Oxford International Women’s Festival: ‘Women on the March’
"The women’s suffrage movement would have joined the recent Women’s March"
20th January 2017. Donald Trump is sworn in as America’s President, and outside the US Embassy in London, 500 people join together in protest of the inauguration, with Lily Allen performing a live cover of Rufus Wainwright’s ‘Going To A Town’ – “I’m so tired of you, America,” she sings.
On the 21st, the streets of Washington DC play host to a march of 1 million people rallying for women’s rights, wanting to “send a bold message to our new government on their first day in office, and to the world that women's rights are human rights.” In New York, 200,000 march for the same cause, and in London 100,000. “They weren’t arguing anything,” Anne Widecombe would say of the marchers the following week, “they were shouting.”
The week after Widecombe’s assessment, I speak to Dr Katherine Bradley, a historian with an interest in the women’s suffrage movement spanning over 30 years. She’ll be bringing ‘Women on the March’ to Oxford International Women's Festival this month, a walk through areas of the city centre that 100 years ago served as stages on which Oxonian women fought for equality.
“You saw the march against Trump,” Katherine says to me, in answer to my question regarding any parallels between women’s rights today and early in the 20th century. She tells me she’s sure the women’s suffrage movement would have joined the recent Women’s March, and also goes on to state that “there’s a lot of inequality” in today’s world regarding women’s rights, “particularly in terms of employment and pay, and housing.”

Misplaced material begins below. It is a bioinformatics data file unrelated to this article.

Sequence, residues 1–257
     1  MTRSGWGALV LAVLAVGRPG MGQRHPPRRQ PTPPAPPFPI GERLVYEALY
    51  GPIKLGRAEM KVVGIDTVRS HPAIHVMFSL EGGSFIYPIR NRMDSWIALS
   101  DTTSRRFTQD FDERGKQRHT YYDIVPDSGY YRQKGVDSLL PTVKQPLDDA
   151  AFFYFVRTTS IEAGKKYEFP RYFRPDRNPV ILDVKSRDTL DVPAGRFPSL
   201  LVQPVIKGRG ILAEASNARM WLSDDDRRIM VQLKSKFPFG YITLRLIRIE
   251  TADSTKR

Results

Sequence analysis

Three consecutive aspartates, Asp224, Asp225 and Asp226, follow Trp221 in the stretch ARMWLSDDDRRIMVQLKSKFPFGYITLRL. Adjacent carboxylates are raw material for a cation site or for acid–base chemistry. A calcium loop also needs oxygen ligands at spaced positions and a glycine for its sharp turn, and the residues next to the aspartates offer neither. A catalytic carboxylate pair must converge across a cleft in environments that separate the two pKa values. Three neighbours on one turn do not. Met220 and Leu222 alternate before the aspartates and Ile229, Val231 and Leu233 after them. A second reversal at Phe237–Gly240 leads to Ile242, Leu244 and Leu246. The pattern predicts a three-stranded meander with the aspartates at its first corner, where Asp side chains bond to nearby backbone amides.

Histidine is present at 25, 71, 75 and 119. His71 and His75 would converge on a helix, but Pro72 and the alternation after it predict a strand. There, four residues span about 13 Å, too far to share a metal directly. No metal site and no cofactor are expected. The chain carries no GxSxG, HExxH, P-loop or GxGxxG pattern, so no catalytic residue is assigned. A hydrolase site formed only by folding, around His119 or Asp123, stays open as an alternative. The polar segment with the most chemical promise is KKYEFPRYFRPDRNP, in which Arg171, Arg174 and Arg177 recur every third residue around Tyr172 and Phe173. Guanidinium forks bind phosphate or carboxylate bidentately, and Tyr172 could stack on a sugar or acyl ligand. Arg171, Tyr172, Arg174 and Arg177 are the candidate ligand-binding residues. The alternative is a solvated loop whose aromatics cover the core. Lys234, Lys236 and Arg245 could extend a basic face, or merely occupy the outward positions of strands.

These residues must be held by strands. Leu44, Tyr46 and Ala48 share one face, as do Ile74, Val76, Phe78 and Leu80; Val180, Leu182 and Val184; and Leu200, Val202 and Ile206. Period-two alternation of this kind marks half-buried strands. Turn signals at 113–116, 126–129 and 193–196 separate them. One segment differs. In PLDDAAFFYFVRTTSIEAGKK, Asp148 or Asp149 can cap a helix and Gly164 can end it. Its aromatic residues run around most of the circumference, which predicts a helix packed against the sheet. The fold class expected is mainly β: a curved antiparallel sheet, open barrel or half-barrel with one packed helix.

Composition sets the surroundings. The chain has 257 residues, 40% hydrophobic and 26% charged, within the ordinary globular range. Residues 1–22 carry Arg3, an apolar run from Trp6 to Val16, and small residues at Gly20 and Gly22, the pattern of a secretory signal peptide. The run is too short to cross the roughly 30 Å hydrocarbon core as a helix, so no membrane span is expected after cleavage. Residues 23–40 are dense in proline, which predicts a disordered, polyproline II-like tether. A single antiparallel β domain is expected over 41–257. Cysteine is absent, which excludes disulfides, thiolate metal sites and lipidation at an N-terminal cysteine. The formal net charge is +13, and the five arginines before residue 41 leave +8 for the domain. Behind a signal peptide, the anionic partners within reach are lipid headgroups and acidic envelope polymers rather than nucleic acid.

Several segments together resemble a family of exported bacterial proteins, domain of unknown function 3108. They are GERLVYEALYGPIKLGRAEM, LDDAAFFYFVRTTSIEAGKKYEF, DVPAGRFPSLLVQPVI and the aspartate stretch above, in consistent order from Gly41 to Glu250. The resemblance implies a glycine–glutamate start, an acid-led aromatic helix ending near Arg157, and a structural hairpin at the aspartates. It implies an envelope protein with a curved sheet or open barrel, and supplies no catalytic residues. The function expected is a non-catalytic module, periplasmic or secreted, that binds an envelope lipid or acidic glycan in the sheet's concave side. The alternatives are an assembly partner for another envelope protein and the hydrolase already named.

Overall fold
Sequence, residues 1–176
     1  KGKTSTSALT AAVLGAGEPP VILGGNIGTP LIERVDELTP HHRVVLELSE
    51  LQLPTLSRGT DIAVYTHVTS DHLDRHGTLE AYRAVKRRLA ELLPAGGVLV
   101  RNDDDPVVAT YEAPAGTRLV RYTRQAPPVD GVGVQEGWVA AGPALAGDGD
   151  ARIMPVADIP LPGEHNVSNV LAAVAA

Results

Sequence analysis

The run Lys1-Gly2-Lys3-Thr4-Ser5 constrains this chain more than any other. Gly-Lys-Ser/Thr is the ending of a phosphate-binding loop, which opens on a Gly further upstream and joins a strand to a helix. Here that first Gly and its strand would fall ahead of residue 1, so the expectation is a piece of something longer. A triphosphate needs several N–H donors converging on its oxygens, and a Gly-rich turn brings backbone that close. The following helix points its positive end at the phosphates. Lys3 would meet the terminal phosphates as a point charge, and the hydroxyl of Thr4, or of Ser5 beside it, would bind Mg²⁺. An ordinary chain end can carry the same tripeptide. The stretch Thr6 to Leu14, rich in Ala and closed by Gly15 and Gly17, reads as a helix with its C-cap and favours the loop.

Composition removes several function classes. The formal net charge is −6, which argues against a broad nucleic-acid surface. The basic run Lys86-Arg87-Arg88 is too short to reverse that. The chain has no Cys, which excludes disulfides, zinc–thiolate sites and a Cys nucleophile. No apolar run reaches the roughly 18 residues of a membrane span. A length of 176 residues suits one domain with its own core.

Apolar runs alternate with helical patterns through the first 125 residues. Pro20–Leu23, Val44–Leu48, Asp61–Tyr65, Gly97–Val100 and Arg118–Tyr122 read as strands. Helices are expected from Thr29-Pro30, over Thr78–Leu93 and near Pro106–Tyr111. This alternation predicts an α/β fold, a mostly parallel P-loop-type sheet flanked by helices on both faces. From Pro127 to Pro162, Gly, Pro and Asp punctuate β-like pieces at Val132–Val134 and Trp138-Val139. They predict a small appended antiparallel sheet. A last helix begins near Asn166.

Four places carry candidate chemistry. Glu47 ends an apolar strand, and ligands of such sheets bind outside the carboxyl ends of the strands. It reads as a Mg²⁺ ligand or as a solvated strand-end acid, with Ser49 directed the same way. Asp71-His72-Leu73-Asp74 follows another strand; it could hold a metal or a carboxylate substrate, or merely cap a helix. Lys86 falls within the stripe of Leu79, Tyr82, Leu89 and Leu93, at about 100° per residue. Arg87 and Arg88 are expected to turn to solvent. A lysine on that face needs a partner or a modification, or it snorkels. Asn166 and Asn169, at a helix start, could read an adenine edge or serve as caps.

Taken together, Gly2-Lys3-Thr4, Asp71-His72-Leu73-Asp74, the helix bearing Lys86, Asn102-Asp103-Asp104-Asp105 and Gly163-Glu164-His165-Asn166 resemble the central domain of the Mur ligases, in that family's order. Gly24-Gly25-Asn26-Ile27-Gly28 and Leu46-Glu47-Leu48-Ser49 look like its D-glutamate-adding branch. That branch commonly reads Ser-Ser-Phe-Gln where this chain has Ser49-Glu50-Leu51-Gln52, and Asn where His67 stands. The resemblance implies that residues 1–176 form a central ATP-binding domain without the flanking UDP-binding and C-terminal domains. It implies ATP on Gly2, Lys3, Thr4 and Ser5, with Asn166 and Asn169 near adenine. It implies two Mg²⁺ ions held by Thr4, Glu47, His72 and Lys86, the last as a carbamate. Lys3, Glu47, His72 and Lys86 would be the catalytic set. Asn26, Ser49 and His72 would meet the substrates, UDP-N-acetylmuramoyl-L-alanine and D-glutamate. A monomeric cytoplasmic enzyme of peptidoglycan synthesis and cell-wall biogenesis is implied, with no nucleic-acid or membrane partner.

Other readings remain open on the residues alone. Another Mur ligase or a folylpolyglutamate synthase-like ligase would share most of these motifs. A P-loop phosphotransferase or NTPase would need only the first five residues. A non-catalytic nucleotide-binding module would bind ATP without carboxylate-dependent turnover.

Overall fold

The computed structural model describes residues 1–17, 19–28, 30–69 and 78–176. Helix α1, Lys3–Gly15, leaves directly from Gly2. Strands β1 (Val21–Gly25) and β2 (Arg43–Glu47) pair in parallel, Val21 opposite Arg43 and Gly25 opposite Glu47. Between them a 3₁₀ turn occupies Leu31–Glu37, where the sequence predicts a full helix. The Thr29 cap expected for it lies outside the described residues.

About a century ago, “Oxford had a very large suffrage movement,” Katherine says, identifying the non-militant branch of the movement as having 500 subscription paying members in about 1912-13 – plus a load of other supporters.
“There was a small group of suffragettes” here that added a bit more drama, doing “very similar things to the suffragettes elsewhere.” At Carfax, in the city centre, black ink was thrown down the pillar box – other pillar boxes in the city were vandalised too. Further, Rough’s boatyard became the target of an arson attack that caused £3,000 worth of damage, and the words ‘votes for women’ were printed on the course at North Oxford Golf Club.
While some of the activities of the women in Oxford a century ago were not so, Katherine’s guided walk is described as “gentle”. A returning feature of the Women’s Festival, and one that’s been attended by a whole range of ages and nationalities previously, ‘Women on the March’ takes place 11th March, 2-4pm (starting outside the Town Hall). It is just one event in the festival that Dr Bradley says gives “a voice to a lot of different women’s organisations in Oxford”, another being the main event taking place in the Town Hall on International Women’s Day (8th March) – a celebration (2-3.30pm, with music from Peggy Seeger) of women in the arts, science, politics and education.
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